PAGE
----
of a typical FIB within a router in the Internet, however).
    Destination address matches within FIBs consisting entirely of 8-bit
    network prefixes may be very rapid (few bits in each destination
    address/network prefix need to be matched), whereas it can be
    expected that destination address matches within a FIB populated
    entirely with 30-bit network prefixes (highly unlikely) will be

9. Offered Packets

    To gauge the impact of a FIB on the performance of a router, IP
    packets must be delivered to the router such that the FIB is fully
    exercised.  That is, packets must be delivered into the router on
    every interface directed to stations whose network prefix is
    advertised on every other interface.

    This method of traffic generation fairly exercises the FIB on the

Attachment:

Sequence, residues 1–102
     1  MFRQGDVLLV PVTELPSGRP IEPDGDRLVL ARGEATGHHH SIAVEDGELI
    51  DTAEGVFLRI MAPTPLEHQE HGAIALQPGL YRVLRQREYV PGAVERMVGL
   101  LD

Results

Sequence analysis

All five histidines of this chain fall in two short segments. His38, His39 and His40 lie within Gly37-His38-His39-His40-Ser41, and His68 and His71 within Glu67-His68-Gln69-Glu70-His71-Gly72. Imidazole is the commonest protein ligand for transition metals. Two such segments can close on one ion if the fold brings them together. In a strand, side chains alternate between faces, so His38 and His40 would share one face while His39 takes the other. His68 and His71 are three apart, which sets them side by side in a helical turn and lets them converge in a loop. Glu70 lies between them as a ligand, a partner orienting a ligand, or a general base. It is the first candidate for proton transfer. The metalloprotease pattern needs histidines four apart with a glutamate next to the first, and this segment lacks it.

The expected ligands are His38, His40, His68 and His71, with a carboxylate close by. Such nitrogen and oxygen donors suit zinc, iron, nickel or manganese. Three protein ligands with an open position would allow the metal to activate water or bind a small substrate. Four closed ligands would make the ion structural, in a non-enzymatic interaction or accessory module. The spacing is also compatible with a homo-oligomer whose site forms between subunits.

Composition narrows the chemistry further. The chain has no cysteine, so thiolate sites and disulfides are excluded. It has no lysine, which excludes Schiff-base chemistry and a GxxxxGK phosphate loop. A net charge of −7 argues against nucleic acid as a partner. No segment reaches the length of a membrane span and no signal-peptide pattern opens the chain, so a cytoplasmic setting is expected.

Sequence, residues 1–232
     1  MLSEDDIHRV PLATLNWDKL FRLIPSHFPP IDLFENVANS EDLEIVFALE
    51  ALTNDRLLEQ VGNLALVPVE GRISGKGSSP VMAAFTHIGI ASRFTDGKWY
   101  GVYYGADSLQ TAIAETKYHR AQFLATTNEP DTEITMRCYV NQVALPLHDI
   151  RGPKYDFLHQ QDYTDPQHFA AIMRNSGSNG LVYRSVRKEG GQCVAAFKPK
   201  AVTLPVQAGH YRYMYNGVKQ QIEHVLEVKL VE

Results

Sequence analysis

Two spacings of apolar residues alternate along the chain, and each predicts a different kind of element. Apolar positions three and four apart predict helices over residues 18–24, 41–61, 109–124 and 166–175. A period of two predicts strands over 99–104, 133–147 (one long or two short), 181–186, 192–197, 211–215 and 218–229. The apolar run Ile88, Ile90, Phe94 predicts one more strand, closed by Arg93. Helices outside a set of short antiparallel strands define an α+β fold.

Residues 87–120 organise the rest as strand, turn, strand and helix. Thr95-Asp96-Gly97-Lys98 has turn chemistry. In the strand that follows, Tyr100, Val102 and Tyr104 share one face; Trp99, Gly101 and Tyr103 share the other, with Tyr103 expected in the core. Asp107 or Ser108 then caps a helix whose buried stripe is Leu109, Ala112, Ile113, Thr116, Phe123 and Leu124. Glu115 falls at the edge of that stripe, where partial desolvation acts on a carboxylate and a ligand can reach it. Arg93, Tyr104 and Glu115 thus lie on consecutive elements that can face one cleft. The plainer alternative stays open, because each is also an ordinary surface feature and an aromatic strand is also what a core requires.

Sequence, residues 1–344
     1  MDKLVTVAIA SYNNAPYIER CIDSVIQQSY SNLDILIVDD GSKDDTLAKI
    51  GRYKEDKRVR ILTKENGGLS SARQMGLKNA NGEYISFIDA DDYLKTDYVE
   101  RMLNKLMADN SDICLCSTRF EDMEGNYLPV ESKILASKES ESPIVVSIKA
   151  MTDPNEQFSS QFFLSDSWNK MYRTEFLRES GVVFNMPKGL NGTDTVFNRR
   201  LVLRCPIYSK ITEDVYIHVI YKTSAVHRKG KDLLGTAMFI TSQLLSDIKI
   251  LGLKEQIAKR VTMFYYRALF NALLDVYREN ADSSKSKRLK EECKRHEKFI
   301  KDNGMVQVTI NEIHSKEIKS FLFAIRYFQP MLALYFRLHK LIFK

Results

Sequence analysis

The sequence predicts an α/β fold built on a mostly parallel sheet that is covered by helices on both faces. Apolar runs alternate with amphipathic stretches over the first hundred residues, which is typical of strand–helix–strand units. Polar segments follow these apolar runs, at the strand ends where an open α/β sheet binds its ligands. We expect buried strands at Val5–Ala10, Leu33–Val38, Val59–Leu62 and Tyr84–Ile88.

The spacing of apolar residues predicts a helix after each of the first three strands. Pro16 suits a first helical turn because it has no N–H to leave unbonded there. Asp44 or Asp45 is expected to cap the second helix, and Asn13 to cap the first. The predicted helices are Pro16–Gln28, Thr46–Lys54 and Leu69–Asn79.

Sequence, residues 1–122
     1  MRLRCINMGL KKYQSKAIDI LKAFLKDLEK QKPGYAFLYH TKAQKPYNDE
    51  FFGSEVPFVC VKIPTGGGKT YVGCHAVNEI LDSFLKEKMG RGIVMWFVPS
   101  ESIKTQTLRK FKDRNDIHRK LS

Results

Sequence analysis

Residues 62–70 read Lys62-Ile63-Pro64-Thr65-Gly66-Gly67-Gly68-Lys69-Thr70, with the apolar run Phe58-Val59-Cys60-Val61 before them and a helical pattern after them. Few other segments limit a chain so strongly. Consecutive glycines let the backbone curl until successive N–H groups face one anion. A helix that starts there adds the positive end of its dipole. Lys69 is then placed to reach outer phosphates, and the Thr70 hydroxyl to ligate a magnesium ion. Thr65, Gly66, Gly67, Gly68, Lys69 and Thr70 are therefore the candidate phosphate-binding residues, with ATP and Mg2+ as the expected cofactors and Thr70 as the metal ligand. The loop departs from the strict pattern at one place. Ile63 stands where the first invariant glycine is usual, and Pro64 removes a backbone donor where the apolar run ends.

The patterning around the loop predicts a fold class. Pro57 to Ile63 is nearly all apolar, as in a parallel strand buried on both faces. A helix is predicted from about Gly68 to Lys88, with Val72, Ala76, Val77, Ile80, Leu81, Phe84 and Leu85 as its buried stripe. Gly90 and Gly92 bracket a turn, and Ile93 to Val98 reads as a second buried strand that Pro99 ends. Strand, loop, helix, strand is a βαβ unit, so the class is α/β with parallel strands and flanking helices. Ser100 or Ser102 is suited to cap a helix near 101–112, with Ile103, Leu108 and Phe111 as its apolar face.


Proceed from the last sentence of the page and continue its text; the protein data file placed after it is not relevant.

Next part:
router.  Modern routers may maintain a cache of the most frequently
    used routes on a per-interface (or, per-line card) basis, or they
    may maintain a complete copy of the FIB on a per-interface (or per-
    line card) basis.  Generating packets from every interface to every
    advertised network ensures that each copy of the FIB is stressed, as
    well as ensuring that a router's FIB cannot be optimized (i.e. by
    installing summary routes).

    Consider the diagram below:

    1.1,2.1,3.1,4.1 -----|A             C|----- 1.3,2.3,3.3,4.3
                         |               |
                         |               |
                         |               |
    1.2,2.2,3.2,4.2 -----|B             D|----- 1.4,2.4,3.4,4.4